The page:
What is the purpose of separating movement and velocity? It sounds like you're taking a good idea (components) and trying to stretch them to crazy academic purist levels. A PhysicsBody component that handles velocity, acceleration, forces, etc. is just fine. Component systems are just another design pattern. If you find yourself trying to find a way to make a design pattern fit, your problem is the design pattern; just drop it, and focus on writing code that works instead of fitting into some idealized architecture. –  Sean Middleditch Aug 12 '12 at 8:33
    
@Sidar: there is - The boolean is inside MovementComponent. But yeah, that makes sense, thank you. Also, I've changed it so it no longer iterates over every entity - instead, I have a ComponentAdded() callback that is called whenever a Component is added to an Entity. A system indicates what types of components it is interested in when you register it, so that callback is called there and then. –  Neglected Aug 12 '12 at 14:14
    
@sean: This is my first ECS implementation so it will be a bit... sketchy. :P VelocityComponent will be a PhysicsComponent later on, but I named it VelocityComponent simply for - well, simplicity - because I haven't done anything related to physics yet. Right now, I am just trying to get a 16x16 blue box to move around on the screen responding to input. :P I did actually initially try using OOP but I found it too bloated when I wrote things, so I decided to try out this approach - and I really like it ^^ –  Neglected Aug 12 '12 at 14:16

3 Answers 3

up vote 3 down vote accepted

If your design works with respect to your constraints, then, in some sense, it is correct. The following is how I would approach things, just in case you find it useful:

I would replace the VelocityComponent with a PhysicsComponent.

I like the idea that an entity is similar to a "thing" in your game, implying all entities, whether renderable or not, have a transform. With this in mind, I would not use a TransformComponent and instead have the transform as a field in Entity (or a subclass).

I would include the position, rotation, and scaling in the transform. I would not include the width and the height. If the width and height variables are for a bounding box, I would move them to a ColliderComponent.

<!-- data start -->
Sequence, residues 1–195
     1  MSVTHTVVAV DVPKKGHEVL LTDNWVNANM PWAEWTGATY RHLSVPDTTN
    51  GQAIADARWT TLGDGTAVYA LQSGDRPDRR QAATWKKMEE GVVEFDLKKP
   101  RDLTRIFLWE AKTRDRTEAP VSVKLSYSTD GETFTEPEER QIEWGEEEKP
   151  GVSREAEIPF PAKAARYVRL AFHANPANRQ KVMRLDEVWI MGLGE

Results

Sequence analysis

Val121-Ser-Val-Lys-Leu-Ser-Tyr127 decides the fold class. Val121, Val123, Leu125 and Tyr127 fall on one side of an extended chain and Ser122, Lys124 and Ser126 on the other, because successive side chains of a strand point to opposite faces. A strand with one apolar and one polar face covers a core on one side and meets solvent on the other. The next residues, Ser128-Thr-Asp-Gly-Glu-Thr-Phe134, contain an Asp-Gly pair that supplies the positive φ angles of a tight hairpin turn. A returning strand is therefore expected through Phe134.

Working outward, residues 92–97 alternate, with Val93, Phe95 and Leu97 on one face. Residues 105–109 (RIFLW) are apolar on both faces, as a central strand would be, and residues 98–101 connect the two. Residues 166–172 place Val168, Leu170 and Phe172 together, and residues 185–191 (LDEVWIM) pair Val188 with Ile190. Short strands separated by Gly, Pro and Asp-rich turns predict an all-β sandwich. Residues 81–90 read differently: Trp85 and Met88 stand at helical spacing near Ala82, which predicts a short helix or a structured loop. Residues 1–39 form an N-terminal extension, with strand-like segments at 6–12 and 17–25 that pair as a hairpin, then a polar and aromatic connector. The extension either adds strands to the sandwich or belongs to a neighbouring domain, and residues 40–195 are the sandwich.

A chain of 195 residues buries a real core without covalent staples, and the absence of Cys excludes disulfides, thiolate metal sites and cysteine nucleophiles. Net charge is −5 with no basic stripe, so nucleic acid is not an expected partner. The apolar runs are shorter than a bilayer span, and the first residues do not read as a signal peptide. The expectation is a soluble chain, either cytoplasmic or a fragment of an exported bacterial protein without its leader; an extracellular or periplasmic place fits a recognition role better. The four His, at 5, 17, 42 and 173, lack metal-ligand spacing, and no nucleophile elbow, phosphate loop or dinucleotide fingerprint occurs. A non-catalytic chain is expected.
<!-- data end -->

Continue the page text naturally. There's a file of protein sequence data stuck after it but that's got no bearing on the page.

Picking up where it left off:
I would break apart the MovementComponent. I would put the state code (i.e. the boolean indicating motion) in a StateComponent, where the StateComponent would be the hub for all information regarding the object's state. I would move the target information into a ControllerComponent.

I'm not sure what the exact purpose of signaling from MoveFromKeyboardComponent is. I would merge this component into ControllerComponent and have ControllerComponent drive the game object (by using the interface of PhysicsComponent to add forces/change velocity and by using the interface of StateComponent to know when to do what).

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+1 nice and clean –  Maik Semder Aug 12 '12 at 10:37
    
Thank you for your input. As stated above, Velocity will become Physics, later on. :) I was considering merging Transform with Entity, so I shall do that now - thank you. The width and height are actually for rendering as well, that said, upon reflection, I think it would make more sense in a collision component - the spritecomponent that I will no doubt end up creating would have the width/height of the sprite anyway. StateComponent sounds like a great idea, thank you :P MoveFromKeyboardComponent is a component that has booleans depending on whether certain inputs are pressed. The idea was –  Neglected Aug 12 '12 at 14:19
    
to set the booleans to true/false based on input so the player could keep moving until the key was released, at which point the boolean is set to false and the player keeps moving to the nearest exact tile –  Neglected Aug 12 '12 at 14:19
    
@Neglected Another thing you might want to do with the StateComponent (that I forgot to mention) is to make it a state event dispatcher. Other components register handlers with a particular state event. A state event is something like (Moving, Stay), where the second component takes one of three values (Enter, Exit, Stay). Something like movement logic then falls out of handling the current state (based on user input) and requesting the StateComponent to change state when appropriate. –  Derek E Aug 13 '12 at 3:03

In my game engine I have an entity manager to keep track of entities and their components and I have a list of "processes" to act upon these components. Those processes take care of very elemental tasks.